[16:04] And to say slow down, let’s not deal with this stuff over there. Let’s deal with this over here, because it’s important. I’ll give you an example. You may have part of your code base that’s absolutely terrible because some non-technical founder who learned how to code built it early in the company’s lifetime, like I may have done, but it’s not causing any bugs. It’s still humming away in a part of the code base that no one’s going to be working on for the next six months. So why bother? You’re not going to go deal with that when you could be refactoring, I don’t know your payment system that is not billing your customers properly, for example, which is maybe one of your key priorities at the moment.
Victor [16:46]: That makes a lot of sense. Probably the hardest part, especially for a non-technical founder is understanding which actually impact what, and then being able to make the right decisions. But then you should probably work with, and listen to your lead developer CTO or whoever you might be working with, or worst case, get an external consultant on that.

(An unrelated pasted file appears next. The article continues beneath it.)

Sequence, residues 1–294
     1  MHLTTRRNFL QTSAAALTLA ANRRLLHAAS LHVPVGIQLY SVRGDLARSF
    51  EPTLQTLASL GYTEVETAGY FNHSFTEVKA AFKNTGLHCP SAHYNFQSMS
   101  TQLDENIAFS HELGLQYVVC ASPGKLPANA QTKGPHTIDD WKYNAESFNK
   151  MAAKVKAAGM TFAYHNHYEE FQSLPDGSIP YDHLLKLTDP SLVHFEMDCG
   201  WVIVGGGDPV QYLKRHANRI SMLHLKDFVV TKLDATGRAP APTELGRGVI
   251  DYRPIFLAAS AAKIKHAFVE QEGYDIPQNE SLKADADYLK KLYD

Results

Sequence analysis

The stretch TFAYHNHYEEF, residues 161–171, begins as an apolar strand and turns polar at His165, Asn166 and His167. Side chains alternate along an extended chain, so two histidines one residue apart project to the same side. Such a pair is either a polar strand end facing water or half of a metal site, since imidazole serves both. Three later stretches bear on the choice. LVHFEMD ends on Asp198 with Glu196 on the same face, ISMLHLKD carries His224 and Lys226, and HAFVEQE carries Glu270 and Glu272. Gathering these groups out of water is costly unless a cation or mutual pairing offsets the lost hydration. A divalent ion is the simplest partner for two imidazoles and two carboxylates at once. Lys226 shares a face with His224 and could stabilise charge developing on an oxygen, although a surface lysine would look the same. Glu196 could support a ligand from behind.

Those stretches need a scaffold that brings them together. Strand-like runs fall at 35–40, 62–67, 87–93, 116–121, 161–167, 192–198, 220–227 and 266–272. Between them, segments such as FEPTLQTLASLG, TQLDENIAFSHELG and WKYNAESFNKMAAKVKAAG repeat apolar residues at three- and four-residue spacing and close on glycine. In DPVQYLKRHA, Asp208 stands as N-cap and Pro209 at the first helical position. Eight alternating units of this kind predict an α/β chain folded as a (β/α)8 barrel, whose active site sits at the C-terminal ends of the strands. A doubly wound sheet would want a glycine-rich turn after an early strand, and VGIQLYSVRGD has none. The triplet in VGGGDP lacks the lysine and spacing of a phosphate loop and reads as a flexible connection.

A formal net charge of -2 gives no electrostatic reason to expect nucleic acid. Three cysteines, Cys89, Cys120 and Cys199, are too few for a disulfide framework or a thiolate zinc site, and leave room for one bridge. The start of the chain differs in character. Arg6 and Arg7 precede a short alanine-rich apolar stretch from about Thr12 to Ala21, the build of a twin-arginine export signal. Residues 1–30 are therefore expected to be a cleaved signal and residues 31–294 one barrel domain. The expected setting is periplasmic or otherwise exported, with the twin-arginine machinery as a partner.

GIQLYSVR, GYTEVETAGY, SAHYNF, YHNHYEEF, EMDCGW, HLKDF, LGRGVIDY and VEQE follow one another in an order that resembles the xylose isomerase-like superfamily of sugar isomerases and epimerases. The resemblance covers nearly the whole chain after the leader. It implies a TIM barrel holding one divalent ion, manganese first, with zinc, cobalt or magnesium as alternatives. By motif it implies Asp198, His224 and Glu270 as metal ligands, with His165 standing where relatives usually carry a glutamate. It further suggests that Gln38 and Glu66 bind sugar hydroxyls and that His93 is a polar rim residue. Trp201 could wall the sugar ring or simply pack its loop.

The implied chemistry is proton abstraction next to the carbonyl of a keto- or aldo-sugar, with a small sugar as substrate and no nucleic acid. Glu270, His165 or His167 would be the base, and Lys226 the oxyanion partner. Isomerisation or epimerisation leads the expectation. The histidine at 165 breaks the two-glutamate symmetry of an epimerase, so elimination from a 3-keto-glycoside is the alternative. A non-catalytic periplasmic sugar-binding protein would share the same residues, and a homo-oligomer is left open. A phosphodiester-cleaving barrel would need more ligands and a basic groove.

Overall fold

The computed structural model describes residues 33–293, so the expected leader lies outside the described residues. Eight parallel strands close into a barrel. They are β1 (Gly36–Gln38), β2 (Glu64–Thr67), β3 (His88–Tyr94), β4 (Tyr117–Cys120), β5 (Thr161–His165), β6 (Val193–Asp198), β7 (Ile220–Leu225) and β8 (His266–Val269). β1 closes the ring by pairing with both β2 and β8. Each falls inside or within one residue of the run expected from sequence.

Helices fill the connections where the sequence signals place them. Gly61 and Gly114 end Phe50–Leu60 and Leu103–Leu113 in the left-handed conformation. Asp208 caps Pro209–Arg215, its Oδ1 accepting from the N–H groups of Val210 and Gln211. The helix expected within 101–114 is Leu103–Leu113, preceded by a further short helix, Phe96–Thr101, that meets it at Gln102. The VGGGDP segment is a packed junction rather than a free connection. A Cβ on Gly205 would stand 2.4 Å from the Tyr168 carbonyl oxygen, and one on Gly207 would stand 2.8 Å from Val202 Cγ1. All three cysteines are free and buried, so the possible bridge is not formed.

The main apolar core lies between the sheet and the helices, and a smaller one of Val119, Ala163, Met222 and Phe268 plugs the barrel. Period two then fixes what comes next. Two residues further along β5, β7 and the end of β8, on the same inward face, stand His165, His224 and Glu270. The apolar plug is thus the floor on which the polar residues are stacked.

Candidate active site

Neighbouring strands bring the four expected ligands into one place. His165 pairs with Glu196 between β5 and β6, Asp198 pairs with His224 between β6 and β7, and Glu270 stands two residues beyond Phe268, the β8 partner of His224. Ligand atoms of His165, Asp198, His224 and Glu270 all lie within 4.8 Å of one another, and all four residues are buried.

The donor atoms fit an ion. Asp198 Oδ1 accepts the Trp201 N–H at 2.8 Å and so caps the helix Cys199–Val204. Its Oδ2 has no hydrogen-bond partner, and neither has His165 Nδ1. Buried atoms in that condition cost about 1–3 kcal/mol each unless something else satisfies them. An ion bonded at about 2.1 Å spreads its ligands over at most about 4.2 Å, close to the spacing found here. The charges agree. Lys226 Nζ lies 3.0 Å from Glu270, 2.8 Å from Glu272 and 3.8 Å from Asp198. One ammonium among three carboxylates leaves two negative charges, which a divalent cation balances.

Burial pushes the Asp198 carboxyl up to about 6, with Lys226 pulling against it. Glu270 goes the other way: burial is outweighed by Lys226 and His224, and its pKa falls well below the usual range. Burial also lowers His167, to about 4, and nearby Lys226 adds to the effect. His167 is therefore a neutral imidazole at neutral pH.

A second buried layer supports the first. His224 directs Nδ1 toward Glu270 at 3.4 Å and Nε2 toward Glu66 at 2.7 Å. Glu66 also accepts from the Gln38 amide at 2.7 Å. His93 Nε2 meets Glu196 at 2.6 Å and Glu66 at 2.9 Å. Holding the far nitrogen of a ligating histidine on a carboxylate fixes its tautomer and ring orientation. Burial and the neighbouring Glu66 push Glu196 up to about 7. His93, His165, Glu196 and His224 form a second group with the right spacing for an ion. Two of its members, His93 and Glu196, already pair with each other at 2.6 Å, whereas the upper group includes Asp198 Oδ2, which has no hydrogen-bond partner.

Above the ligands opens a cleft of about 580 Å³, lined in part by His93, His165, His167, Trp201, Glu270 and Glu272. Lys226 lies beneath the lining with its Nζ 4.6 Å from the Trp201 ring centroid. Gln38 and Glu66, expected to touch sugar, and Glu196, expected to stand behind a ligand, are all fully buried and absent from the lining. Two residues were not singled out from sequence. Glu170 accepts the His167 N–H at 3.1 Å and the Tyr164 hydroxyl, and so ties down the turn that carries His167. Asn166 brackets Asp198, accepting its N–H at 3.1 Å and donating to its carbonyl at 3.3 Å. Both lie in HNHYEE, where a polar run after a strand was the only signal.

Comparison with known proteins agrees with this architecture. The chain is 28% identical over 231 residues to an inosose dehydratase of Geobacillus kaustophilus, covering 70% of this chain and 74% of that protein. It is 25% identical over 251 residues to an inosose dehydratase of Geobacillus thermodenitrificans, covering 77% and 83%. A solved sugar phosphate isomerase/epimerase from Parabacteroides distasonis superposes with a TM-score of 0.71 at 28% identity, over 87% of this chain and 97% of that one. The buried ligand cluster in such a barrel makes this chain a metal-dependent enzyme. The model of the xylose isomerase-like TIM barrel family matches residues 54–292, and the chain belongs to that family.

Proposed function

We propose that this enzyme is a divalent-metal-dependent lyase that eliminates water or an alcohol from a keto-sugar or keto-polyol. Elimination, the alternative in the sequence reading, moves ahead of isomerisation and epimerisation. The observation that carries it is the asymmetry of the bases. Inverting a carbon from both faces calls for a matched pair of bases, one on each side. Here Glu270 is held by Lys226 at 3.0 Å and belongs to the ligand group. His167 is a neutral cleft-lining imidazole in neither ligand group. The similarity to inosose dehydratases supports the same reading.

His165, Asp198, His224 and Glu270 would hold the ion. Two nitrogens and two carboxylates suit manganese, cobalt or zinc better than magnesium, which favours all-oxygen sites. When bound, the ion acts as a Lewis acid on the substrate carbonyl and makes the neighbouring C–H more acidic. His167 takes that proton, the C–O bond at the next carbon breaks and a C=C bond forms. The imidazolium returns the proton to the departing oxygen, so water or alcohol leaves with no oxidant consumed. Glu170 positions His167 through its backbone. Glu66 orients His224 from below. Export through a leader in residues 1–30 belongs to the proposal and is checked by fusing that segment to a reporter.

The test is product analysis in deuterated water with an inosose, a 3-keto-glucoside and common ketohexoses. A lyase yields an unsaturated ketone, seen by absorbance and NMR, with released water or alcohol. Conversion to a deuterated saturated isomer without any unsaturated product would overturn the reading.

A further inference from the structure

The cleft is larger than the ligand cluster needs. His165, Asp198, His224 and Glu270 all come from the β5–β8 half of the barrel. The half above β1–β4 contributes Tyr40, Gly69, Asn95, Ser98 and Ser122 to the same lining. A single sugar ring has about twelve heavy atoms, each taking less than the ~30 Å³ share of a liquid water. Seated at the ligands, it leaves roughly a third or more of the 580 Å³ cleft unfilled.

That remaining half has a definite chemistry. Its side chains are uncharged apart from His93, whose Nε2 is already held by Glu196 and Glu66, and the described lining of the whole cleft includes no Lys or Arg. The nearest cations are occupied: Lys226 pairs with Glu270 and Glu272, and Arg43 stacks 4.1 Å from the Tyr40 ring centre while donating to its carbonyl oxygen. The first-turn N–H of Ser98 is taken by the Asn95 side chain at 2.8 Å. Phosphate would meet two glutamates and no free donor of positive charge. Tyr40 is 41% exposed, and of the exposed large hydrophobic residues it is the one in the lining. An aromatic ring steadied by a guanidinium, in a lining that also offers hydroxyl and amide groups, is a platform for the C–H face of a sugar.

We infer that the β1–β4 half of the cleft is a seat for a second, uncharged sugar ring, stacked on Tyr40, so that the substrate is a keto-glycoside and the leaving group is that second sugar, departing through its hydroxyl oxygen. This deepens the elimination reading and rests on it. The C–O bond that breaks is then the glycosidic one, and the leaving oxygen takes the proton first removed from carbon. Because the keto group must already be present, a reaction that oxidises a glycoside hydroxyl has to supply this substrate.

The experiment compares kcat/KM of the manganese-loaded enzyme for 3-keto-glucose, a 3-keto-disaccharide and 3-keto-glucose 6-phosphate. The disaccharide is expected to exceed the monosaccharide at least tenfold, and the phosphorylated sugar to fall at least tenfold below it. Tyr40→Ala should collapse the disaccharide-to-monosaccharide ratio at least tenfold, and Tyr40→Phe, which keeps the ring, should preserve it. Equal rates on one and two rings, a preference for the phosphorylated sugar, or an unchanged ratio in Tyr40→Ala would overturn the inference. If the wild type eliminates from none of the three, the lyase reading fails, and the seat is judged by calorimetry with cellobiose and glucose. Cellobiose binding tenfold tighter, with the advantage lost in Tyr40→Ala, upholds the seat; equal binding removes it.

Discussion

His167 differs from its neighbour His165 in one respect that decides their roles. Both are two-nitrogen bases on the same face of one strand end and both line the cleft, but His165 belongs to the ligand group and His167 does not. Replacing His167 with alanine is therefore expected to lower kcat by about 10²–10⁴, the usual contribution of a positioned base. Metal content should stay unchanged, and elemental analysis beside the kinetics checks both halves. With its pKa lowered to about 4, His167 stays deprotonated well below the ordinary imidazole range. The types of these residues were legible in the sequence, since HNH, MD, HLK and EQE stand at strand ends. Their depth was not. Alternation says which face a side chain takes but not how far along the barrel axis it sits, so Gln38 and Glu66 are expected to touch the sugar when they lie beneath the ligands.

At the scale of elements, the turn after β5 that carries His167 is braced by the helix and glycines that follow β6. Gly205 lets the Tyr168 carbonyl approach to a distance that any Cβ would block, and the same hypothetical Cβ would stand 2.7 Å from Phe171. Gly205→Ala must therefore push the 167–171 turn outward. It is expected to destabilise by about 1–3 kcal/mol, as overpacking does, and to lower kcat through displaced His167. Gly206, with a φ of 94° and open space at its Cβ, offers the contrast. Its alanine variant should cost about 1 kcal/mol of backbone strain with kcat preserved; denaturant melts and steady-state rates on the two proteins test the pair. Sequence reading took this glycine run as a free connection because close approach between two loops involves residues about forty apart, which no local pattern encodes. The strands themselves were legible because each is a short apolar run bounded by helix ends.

Alex [17:10]: I would add that your job as a non-technical person who influences the staff is to be clear about the priorities of the business, because your engineers will be able to find the things that are in the way of these priorities, right? They typically don’t need to be overseen. If you clarify what it is that matters, they’ll be able to prioritize the right things.
Victor [17:30]: Yep. I guess clear communication, clear your goal setting and making sure everybody understands the business goals, the mission long term, but also short term, these are the things we want to impact over the next three months. Like what’s standing in your way to do that I guess, that’s the right approach.
Alex [17:51]: Exactly. Exactly.
Victor [17:53]: So generally speaking, and obviously it varies from stage to stage, but speaking about best practices, what should developers be doing that produces good code and a normal maintainable code base?